Dave was kind of taken off guard by—“Where is this coming from?”—because he did get defensive by the way I communicated it.
Dave: Yes; we’ve said this here before; but especially, early in our marriage, if Ann would bring up anything negative—and she just told you she did that without thinking; right?—
Dave: —I probably did as well.
Ann: And I wasn’t always mad. I would just bring it up and say it.
Dave: She was sort of a verbal processor. As she was thinking it, it just sort of come out. I became the guy that just avoided it. We’ve shared this—but I would, literally, walk out of the room or sort of shut down. I remember getting in the car and driving away, and going and playing basketball, and thinking, “When I come home, everything will be blown over; and we’ll be fine.”
Obviously, we were young and naïve. I didn’t realize: “If you don’t talk about it, it doesn’t go away. It actually gets worse.” I had to learn—not only to stay—I mean, that’s one big practical step right there: “Don’t leave the room. Let’s talk this through,”—but then, secondly, to hear hard things. I think that’s one of the hardest things for any one of us. There is a DNA of selfishness in us that, when somebody/a good friend—and I have men in my life, who will speak to me about blind spots.
Dave: I’ve never in my life—even though I can say, “This is good; you need to hear this,”—I’ve never liked it. It’s like: “This is hard. I don’t have that blind spot. You’re not right—I’m right; you’re wrong.”
Man, in our marriage, I really believe your spouse/my spouse is a gift from God to help us become like Christ.
Dave: That’s part of the mission of marriage. It’s the sharpening of one another to become like Christ. It’s a gift that you have a 24/7 spouse that sees things other people don’t see; loves you enough to speak the truth—but what we do is we run. I ran: “I don’t want to hear it.”
I’ve learned, over the years—it’s like: “Oh my goodness! God has given me a gift.” I have to sit in that seat, stay, and be willing to hear, hopefully, affirmation but also the truth in love,”—Ephesians 4:15: “Speak the truth in love and”—what?—“we’ll mature to be like Christ.” If you’re not willing to hear that, you’re not going to mature like Christ; but if you are—man, it can really shape us to be who God wants us to be.
Bob: For you to stay, though, you had to learn how to express your frustrations, or your concerns, or just your observations in a way that wasn’t a personal attack/that didn’t feel threatening. How did you adjust the instant spewing and turn it—
Bob: —into something that was more refined?
Ann: And Dave did start staying, so he would hear me out. I didn’t realize the way I was saying it was—it was almost damaging your soul—that’s how I would put it. It felt like disrespect, and I didn’t realize that I started to critique him a lot. He would stay; he would listen, and he would say nothing. So, I would say it again and again, like, “Oh, maybe, he didn’t hear me,” because he would just be quiet in his response.
I’ve shared this story before, and it’s in our book; but we were speaking at a women’s group. I asked Dave to come with me—I said: “Women are going to love what you say. You’re so good this. They are going to love hearing a man’s perspective.” I said to Dave, like, “Are you in?” He said, “Yes; I’m in.”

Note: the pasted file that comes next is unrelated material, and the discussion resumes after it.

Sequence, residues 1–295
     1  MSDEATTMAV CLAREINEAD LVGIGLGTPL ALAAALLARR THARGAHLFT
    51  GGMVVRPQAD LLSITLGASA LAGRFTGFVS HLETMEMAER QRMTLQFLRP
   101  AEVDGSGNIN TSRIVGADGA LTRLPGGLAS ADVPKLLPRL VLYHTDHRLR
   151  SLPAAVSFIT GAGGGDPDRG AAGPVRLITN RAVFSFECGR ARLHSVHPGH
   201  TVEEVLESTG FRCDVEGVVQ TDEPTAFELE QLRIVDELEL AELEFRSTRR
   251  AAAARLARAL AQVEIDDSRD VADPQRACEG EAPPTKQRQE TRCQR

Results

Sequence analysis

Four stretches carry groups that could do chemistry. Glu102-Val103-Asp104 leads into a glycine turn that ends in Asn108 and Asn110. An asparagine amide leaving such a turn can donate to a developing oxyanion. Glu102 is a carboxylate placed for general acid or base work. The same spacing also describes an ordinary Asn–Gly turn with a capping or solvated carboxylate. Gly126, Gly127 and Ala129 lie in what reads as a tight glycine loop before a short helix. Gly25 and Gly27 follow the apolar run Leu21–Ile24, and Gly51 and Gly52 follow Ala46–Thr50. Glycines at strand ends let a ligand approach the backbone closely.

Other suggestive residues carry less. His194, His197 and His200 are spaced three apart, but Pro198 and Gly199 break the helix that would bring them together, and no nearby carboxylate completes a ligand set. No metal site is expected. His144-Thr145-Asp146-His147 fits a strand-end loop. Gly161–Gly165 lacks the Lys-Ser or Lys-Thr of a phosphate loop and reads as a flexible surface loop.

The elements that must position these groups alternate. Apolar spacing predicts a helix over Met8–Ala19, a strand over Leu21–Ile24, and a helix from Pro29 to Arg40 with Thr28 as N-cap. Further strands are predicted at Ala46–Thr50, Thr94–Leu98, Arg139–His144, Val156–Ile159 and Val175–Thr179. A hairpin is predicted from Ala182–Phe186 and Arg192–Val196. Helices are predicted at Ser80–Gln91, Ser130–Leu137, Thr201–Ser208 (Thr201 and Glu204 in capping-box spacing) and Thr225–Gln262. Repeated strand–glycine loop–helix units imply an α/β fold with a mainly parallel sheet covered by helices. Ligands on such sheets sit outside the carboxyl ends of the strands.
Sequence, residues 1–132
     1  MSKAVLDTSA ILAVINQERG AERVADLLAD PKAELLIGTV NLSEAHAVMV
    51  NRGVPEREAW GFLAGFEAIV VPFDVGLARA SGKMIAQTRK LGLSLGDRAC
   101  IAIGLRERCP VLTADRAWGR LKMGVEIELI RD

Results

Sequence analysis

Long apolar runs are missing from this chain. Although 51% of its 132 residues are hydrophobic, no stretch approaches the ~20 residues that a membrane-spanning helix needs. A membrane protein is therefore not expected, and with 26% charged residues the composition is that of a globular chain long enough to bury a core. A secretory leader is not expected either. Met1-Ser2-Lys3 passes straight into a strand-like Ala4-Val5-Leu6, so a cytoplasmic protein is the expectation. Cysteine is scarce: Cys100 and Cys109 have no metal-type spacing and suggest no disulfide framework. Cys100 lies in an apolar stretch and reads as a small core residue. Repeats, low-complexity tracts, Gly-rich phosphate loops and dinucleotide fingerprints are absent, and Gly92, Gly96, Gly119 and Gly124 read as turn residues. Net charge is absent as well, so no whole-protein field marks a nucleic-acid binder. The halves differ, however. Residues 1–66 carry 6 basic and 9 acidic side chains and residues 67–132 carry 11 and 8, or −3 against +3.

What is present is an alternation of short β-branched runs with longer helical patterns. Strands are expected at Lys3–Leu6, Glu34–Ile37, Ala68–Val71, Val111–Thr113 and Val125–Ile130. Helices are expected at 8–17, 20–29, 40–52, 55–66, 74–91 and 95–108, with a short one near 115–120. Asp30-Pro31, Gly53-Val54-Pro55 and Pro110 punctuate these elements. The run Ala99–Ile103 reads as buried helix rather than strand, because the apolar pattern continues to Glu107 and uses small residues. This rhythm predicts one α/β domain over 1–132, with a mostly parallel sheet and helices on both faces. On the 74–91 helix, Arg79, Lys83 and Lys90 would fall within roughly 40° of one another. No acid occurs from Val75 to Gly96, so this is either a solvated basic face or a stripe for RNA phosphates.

We get up there, and he just starts talking about what it’s like to be a man. He says to these women: “Women, I don’t think you get what it’s like for us because, as little boys, someone is cheering for us. Then we get older; and there is a coach, or a teacher, or a someone cheering for us, saying: ‘You’re good at this. You’re great at this!’” He said: “Then I played college football. I’ve had that in my life—I’ve had cheering. When I met Ann—more than anybody in the world, she’s cheering for me, saying, ‘Dave Wilson, you’re the man. You’re great at this!’” He said: “Then, after we’re married for a while, we—as men—walk in the door. All we hear is: ‘Boooo! Boo!’”
I’m sitting there, thinking, “What in the world are you talking about?!” He had never communicated that; he had never said it to me, personally. He had never voiced any concern. We got in the car; and I said, “What was that?!”
Dave: It was one of those long drives home. Have you ever had one of those, Bob? [Laughter]
Dave: Sure you have. I was like, “Well, maybe, we should have talked about this before I said it publicly”; but I did. I mean, she said: “I’m not booing you.
Ann: “I’m helping you!”
Dave: “I’m helping you!” I’ll never forget. I’m like—all I remember saying is: “Well, it sure doesn’t feel like help.”
Dave: That was actually catalytic because it was a beginning of a discussion: One, for me to be able to articulate what her critique felt like. Boy, looking back, I needed that. I needed the truth in love; but the way it felt—it felt like just chopping me down; she didn’t believe in me—didn’t feel like affirmation. It led to a conversation.
Ann: I did believe in him—I just thought, “This is motivating him.” That’s what I thought: “By pointing out his flaws, he is going to become more motivated to be better.” I really thought I was helping you, not realizing that my critique or my continual like: “Hey, you could do this,” or “Why don’t you do this?”—made you feel like I wasn’t respecting you.
I went on this journey, and it was a journey of my tongue; because before, I would just let my thoughts and my words flow. This time, I would take my thoughts and I would say, “God, should I say this?” I can’t tell you how many times it stopped me in my tracks. I would stop and say: “Should I say it? Should I say it?” So many times, it was: “No; say nothing!” [Laughter]
But other times, I would ask—if He gave me that green light—my next question was: “Lord, how should I say it?” That changed everything because, in James, when James says, “Anyone who lacks wisdom, let him ask of God who gives generously,” and God would always give me this way of saying it in a way that was respectful and the timing of it, too.
Bob: So, I hear you saying two things. First of all, you made a conscious decision to turn up the positive affirmation—to say/—
Bob: —to cheer Dave on.
Then I hear you saying that, at the same time, you began to adjust those helpful observations you were making in the past and say them differently.